How to force YouTube to use Expanded View by default (and even larger)


Google has updated the HTML and CSS of YouTube several times since this post was written, so please check out the latest update below (currently 21-feb-2014).


So, the default size of the video player on YouTube is quite small. I know, right?

Expanded view is much better. Tell me about it!

But why doesn’t the damn website remember you switching to expanded view yesterday? Because it just doesn’t offer the functionality.

I am about to change that and rock your world.

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Libre Office, how to change default styles permanently

After I got bored with the default font families and font sizes of the Default, Text Body and Heading styles, I tried changing them permanently. But just pressing F11, modifying certain styles and Applying isn’t enough for Libre Office to remember your specific choices.

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Additional (32-bit) Printer Drivers on a 64-bit Windows host

Contemplation of the problem

Sometimes it’s a pain to add 32-bit drivers to the Additional Drivers section when you install a printer on a 64-bit Windows machine and share it in your network, because of compatibility with the 64-bit drivers which needs both bit-versions of the drivers to go with the same name.

When you, for example, install 64-bit drivers through Windows Update, the drivers offered on the manufacturer’s website will not necessarily call your printer by exactly the same name. That’s a no-no for Windows, and your favorite OS will stubbornly refuse to accept those drivers.

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Opera: websites using Facebook Social Plugin keep loading

If you use Opera to browse the internet, you someday might visit a website using the recognisable Facebook Social Plug-in — as viewed in the screenshot below.

Facebook Social Plug-in integration as seen on
Facebook Social Plug-in integration as seen on

The problem in Opera is that when you visit a website that implements the Facebook Social Plug-in, Opera goes berserk and goes off and on loading for an eternity after the website itself finished loading, which is shown in the lovely screenshot below. The result is high and constant processor usage and a bogged down system.

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How to properly set up Multicore Rendering in Source Games

After a lot of research and trial & error, I finally got Multicore Rendering working in Team Fortress 2 without mood killers like enormous mouse lag or unplayable framerates. You can read all about that here, but in this post I will merely give you some steps to hopefully reproduce my succesful result.

Simplest step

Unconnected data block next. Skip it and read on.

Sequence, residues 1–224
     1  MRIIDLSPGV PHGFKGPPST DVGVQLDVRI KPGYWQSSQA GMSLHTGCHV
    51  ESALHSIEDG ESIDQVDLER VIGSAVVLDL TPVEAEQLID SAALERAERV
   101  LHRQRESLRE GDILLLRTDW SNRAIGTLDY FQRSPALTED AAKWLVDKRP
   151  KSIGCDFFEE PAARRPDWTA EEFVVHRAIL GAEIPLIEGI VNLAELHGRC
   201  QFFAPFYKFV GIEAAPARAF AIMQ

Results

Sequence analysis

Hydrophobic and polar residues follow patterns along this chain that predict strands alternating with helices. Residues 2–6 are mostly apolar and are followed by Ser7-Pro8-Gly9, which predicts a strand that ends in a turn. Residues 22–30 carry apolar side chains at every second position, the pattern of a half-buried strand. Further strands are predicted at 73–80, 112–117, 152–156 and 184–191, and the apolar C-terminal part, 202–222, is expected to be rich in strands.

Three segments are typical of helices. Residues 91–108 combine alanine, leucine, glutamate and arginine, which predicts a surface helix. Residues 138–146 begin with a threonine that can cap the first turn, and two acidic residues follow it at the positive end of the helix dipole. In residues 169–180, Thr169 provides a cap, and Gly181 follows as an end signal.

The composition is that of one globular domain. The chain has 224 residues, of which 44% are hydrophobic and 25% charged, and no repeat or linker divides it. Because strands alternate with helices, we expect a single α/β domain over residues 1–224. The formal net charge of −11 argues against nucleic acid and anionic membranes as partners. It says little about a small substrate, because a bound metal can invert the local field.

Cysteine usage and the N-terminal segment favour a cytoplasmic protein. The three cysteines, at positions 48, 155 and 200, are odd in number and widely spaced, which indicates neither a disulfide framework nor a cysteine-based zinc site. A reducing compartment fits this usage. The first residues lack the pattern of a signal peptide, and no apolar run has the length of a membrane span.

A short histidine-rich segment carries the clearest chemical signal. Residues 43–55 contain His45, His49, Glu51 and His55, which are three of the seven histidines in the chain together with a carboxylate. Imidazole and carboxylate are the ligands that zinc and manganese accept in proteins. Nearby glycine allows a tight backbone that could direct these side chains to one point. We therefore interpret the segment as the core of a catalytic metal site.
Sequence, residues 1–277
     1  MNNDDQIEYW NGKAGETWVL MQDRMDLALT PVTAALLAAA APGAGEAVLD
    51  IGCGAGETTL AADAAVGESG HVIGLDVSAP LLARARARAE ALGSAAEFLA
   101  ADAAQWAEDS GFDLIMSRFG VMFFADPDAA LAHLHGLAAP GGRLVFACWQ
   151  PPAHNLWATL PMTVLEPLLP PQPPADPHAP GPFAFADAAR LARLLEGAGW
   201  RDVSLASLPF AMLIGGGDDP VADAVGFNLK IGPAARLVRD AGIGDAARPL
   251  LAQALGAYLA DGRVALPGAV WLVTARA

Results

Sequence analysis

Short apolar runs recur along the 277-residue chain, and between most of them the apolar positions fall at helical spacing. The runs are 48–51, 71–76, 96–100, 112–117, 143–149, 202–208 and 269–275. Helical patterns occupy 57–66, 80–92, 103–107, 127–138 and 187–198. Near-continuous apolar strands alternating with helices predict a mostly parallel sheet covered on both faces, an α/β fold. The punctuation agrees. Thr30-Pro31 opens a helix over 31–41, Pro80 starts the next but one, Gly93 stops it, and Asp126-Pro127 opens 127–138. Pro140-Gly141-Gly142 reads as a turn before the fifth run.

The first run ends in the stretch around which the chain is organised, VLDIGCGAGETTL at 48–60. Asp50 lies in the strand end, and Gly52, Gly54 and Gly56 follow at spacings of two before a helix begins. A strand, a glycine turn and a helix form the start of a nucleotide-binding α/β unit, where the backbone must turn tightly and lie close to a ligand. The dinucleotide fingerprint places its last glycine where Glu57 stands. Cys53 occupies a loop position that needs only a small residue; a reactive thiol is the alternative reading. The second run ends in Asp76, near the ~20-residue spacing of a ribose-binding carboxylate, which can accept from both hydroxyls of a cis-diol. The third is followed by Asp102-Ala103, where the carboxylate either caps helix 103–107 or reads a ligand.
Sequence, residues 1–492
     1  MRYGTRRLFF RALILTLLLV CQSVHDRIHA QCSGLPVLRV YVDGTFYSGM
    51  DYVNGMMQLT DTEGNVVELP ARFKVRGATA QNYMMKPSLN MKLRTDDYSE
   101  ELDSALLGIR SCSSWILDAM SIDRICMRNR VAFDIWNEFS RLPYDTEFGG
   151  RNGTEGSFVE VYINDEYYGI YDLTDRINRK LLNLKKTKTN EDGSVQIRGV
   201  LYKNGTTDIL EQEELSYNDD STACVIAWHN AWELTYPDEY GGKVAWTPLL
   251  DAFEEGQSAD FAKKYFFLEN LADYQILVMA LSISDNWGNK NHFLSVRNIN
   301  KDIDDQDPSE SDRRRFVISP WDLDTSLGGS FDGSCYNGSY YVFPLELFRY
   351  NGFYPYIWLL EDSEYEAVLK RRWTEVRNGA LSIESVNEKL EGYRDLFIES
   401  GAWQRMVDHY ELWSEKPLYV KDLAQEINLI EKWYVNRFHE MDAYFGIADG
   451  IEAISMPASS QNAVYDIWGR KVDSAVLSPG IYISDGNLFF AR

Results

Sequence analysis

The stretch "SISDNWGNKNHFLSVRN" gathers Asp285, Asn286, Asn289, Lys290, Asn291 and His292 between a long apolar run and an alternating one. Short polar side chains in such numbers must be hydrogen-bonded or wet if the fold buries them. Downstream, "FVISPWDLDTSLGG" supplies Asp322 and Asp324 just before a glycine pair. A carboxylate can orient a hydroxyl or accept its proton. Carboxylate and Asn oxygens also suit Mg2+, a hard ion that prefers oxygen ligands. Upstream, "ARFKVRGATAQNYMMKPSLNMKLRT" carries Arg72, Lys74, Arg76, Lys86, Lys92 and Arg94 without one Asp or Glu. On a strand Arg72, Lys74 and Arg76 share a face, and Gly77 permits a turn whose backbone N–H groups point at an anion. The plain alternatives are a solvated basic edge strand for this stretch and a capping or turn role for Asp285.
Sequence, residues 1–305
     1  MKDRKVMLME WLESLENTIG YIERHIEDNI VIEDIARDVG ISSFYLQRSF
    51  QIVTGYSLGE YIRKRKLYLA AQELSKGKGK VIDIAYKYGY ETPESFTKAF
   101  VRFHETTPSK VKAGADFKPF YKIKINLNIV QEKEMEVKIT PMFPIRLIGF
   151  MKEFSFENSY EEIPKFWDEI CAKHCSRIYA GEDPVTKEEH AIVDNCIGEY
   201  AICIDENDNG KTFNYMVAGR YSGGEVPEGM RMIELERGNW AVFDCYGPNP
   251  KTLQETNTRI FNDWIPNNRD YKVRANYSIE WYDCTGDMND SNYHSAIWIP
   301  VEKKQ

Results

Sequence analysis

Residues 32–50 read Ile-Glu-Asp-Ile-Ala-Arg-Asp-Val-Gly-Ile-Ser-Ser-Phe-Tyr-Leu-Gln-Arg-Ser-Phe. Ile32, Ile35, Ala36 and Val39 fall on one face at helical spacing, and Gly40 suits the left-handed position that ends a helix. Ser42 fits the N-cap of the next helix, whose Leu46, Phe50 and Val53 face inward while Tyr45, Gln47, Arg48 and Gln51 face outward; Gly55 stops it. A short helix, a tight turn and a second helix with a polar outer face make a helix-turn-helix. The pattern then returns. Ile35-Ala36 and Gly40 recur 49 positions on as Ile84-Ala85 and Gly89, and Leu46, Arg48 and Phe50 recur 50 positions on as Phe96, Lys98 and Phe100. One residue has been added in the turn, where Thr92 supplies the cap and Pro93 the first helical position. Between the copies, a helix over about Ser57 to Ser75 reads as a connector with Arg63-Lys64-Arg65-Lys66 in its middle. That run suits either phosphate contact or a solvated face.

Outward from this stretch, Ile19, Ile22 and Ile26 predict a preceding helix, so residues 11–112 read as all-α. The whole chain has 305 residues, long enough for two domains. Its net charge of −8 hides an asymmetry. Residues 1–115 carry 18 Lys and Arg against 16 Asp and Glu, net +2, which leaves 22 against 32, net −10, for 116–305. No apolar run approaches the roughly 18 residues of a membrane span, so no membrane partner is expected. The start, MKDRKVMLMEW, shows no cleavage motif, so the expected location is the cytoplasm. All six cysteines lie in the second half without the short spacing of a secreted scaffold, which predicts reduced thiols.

Simply try and enable Multicore Rendering in the advanced video options of your favourite source game. If the game is still fluent and without significant mouse lag, then you are set. But if it isn’t, they you aren’t. More drastic measures are in order.

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My personal quest to make Multicore Rendering in Source games usable

A familiar experience

You know when you play Team Fortress 2 on a 32-player server, and when all of those players are in the same place at the same time, generating a lot of flying projectiles and explosions, the framerate would free fall below the comfort-zone of 30 frames per second – or whatever your personal preference is in an online first person shooter.

Whenever you go look on the internet for a possible solution to this problem, you find that it helps if you enable Multicore Rendering, which is a setting in the Advanced screen of the Video Options. There is a big chance though that when you enable this setting, your ingame experience might worsen, which is the exact opposite of what you were trying to achieve by enabling this option in the first place. “Great.” you might think cynically, and turn it back off again and cope with the slowdowns in crowded areas for the rest of your otherwise fun day, which seems is all you can do.

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A Comprehensive Guide to Getting Microsoft Fonts Right in Ubuntu

While the default fonts in Ubuntu may look nice, they differ from the default fonts in Windows in an obvious way: their big size. This applies to other aspects of the GUI in Ubuntu as well, but I will discuss that in another post. Since having Microsoft fonts in your Ubuntu installation is an advantage anyway, I thought I might as well use them as my system fonts.

There is a problem, however, and that is the hassle to get the looks of those fonts right. After you figured it all out, which can take a while if you are on your own, it is actually quite simple. But like every “fix” for Ubuntu, it takes a lot of time learning what is causing your problems and finding a solution for it.

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